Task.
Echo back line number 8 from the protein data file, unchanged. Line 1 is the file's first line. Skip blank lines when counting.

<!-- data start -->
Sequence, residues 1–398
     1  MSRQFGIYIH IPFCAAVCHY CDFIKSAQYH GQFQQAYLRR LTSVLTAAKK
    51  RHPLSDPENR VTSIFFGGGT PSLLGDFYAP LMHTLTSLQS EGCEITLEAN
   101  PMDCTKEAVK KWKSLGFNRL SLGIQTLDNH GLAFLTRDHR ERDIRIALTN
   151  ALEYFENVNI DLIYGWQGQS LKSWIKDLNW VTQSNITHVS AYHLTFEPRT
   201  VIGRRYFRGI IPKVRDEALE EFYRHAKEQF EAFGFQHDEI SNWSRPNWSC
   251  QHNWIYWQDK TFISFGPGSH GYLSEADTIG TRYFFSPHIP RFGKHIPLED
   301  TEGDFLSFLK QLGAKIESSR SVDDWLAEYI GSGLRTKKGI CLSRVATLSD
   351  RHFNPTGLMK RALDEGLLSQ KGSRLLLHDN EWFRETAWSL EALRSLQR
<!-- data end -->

   301  TEGDFLSFLK QLGAKIESSR SVDDWLAEYI GSGLRTKKGI CLSRVATLSD